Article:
According to Cardinal Avery Dulles, “In current Catholic usage, the term ‘dogma’ means a divinely revealed truth, proclaimed as such by the infallible teaching authority of the Church, and hence binding on all the faithful without exception, now and forever.” In the 1950 Apostolic Constitution Munifcentissimus Deus, His Holiness Pius XII proclaimed the dogma of the Immaculate Conception: “that the Immaculate Mother of God, the ever Virgin Mary, having completed the course of her earthly life, was assumed body and soul into heavenly glory.”
Reflecting in this dogma, Pope Emeritus Benedict said: “The Mother of God is so deeply integrated into Christ's Mystery that at the end of her earthly life she already participates with her whole self in her Son's Resurrection. She lives what we await at the end of time; she already lives what we proclaim in the Creed: "We look for the Resurrection of the dead and the life of the world to come."
He went on saying: “Mary expecting the birth of her Son Jesus is the Holy Ark that contains the presence of God, a presence that is a source of consolation, of total joy. John, in fact, leaps in Elizabeth’s womb, just as David danced before the Ark. Mary is the 'visit' of God that creates joy."
"Let us not limit ourselves to admiring Mary in her destiny of glory, as a person very remote from us. No! We are called to look at all that the Lord, in his love, wanted to do for us too, for our final destiny: to live through faith in a perfect communion of love with him and hence to live truly. Mary is the dawn and the splendor of the Church triumphant; she is the consolation and the hope of people still on the journey. God is waiting for us: this is our great joy and the great hope that is born from this Feast. Mary visits us, and she is the joy of our life and joy is hope."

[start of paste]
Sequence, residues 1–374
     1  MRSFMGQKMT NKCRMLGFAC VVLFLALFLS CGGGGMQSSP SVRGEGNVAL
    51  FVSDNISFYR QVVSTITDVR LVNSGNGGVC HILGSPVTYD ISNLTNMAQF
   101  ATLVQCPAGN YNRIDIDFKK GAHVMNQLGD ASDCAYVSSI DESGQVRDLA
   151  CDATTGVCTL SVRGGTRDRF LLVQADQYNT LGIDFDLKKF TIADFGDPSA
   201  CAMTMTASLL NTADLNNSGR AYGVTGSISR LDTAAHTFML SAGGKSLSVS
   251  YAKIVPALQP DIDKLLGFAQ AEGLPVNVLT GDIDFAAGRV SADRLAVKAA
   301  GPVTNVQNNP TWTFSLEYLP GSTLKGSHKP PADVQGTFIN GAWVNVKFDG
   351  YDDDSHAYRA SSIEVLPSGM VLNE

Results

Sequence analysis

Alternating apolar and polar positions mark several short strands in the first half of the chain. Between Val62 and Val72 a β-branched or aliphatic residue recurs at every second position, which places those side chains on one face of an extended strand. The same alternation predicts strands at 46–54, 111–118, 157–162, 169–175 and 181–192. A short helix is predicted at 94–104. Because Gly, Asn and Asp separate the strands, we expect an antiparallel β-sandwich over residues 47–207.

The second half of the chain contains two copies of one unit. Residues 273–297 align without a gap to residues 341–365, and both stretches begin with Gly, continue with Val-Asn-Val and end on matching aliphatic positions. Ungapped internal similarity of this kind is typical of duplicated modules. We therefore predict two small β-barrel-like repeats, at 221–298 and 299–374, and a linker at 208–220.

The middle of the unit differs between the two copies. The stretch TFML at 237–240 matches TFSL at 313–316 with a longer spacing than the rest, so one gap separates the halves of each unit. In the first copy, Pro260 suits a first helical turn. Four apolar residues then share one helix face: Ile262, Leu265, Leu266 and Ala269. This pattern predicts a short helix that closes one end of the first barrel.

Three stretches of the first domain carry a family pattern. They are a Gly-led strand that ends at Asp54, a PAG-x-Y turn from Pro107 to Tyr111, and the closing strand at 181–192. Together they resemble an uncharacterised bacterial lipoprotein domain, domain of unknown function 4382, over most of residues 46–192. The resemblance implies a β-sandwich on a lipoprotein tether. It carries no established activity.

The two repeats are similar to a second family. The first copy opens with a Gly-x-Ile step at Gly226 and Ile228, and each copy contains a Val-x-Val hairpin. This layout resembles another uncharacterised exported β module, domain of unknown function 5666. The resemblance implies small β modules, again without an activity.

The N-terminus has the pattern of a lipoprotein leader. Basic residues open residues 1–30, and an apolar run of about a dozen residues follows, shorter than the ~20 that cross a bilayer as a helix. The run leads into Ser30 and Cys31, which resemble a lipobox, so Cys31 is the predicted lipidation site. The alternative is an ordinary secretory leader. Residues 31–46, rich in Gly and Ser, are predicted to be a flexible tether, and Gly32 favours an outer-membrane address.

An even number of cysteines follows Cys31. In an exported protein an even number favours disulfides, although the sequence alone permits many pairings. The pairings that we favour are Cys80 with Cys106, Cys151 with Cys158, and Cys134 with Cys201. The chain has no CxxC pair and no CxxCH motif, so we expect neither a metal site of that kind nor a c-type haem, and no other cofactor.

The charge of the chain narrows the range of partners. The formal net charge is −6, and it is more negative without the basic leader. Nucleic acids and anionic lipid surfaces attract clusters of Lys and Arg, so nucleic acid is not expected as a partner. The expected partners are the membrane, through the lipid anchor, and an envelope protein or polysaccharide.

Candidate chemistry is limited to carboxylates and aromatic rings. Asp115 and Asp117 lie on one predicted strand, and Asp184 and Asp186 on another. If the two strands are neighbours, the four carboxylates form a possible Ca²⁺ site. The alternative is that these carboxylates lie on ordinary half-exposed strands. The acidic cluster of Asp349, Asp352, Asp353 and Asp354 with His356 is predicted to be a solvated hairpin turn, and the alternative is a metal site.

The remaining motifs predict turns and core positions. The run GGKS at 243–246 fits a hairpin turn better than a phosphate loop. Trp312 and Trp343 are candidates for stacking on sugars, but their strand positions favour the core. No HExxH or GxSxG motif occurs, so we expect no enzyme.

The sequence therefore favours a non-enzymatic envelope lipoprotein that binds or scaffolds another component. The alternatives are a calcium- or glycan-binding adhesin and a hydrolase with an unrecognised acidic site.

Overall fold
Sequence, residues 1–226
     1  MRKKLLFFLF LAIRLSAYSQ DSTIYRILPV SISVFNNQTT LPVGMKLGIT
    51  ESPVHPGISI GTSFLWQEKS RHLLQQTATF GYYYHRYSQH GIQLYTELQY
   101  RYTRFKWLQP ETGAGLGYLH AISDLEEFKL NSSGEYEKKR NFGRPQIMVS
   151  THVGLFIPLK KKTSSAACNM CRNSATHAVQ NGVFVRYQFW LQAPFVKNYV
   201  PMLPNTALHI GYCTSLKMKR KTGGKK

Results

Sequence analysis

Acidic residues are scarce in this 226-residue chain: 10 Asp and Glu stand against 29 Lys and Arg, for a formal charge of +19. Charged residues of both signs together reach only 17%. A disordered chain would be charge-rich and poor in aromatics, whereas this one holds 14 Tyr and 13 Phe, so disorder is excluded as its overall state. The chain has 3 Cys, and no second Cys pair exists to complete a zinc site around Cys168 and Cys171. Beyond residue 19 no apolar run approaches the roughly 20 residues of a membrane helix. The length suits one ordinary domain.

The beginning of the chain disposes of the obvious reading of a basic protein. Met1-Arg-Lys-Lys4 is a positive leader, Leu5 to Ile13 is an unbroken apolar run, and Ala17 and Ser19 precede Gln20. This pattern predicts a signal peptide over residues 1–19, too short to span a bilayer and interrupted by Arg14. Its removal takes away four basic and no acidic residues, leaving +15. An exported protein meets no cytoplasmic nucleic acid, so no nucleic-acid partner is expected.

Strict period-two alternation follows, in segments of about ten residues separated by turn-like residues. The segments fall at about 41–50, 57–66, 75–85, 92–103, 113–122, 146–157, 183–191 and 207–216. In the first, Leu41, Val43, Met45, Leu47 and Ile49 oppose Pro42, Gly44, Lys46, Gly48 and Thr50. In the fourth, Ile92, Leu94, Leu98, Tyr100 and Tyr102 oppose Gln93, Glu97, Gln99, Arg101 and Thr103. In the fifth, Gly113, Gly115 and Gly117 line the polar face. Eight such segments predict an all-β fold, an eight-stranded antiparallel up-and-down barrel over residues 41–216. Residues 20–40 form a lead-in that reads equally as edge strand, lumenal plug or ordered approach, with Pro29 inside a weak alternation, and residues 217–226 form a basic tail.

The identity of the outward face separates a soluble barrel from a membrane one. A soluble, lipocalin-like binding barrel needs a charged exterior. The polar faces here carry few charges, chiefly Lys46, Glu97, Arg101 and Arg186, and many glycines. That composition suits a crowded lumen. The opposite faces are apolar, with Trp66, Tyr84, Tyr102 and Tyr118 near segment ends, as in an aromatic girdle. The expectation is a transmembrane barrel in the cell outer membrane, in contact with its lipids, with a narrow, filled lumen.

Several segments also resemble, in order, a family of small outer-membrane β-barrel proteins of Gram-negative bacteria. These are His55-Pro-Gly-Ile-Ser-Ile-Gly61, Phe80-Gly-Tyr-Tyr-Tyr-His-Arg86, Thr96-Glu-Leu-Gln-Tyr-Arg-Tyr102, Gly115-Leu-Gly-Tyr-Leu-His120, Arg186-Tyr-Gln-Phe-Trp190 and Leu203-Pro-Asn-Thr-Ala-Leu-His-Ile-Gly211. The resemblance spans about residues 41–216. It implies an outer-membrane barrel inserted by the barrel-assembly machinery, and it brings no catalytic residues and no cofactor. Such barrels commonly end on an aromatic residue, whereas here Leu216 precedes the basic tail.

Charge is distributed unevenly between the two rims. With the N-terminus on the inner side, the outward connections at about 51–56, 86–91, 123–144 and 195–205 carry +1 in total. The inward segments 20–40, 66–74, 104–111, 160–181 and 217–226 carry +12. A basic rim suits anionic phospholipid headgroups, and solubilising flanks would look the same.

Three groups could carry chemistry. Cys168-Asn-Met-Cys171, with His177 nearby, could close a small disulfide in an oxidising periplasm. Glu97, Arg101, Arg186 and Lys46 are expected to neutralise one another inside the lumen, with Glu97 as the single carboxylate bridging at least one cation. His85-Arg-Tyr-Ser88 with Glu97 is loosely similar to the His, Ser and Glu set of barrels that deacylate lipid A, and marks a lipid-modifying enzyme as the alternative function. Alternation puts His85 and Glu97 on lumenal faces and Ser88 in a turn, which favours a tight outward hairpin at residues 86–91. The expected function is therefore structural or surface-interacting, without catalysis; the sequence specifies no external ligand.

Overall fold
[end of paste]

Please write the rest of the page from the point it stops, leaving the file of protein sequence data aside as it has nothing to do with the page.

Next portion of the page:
Pope Francis tells us that; “Mary the Mother of Christ and of the Church is always with us. She walks with us always, she is with us. And in a way, Mary shares this dual condition. She has of course already entered, once and for all, into heavenly glory. But this does not mean that she is distant or detached from us; rather Mary accompanies us, struggles with us, and sustains Christians in their fight against the forces of evil."
"The mystery of Mary’s Assumption body and soul is fully inscribed in the resurrection of Christ. The Mother’s humanity is 'attracted' by the Son in his own passage from death to life. Once and for all, Jesus entered into eternal life with all the humanity he had drawn from Mary; and she, the Mother, who followed him faithfully throughout her life, followed him with her heart, and entered with him into eternal life which we also call heaven, paradise, the Father’s house."
"Mary also experienced the martyrdom of the Cross: the martyrdom of her heart, the martyrdom of her soul. She lived her Son’s Passion to the depths of her soul. She was fully united to him in his death, and so she was given the gift of resurrection. Christ is the first fruits from the dead and Mary is the first of the redeemed, the first of 'those who are in Christ.' She is our Mother, but we can also say that she is our representative, our sister, our eldest sister, she is the first of the redeemed, who has arrived in heaven."
SOLEMNITY OF THE ASSUMPTION OF THE BLESSED VIRGIN MARY, BENEDICT XVI, 08/15/2010 http://www.vatican.va/holy_father/benedict_xvi/angelus/2010/documents/hf_ben-xvi_ang_20100815_assunzione_en.html
SOLEMNITY OF THE ASSUMPTION OF THE BLESSED VIRGIN MARY, BENEDICT XVI, 08/15/2012 http://www.vatican.va/holy_father/benedict_xvi/homilies/2012/documents/hf_ben-xvi_hom_20120815_assunzione_en.html
SOLEMNITY OF THE ASSUMPTION OF THE BLESSED VIRGIN MARY, POPE FRANCIS, 08/15/2013 http://w2.vatican.va/content/francesco/en/homilies/2013/documents/papa-francesco_20130815_omelia-assunzione.html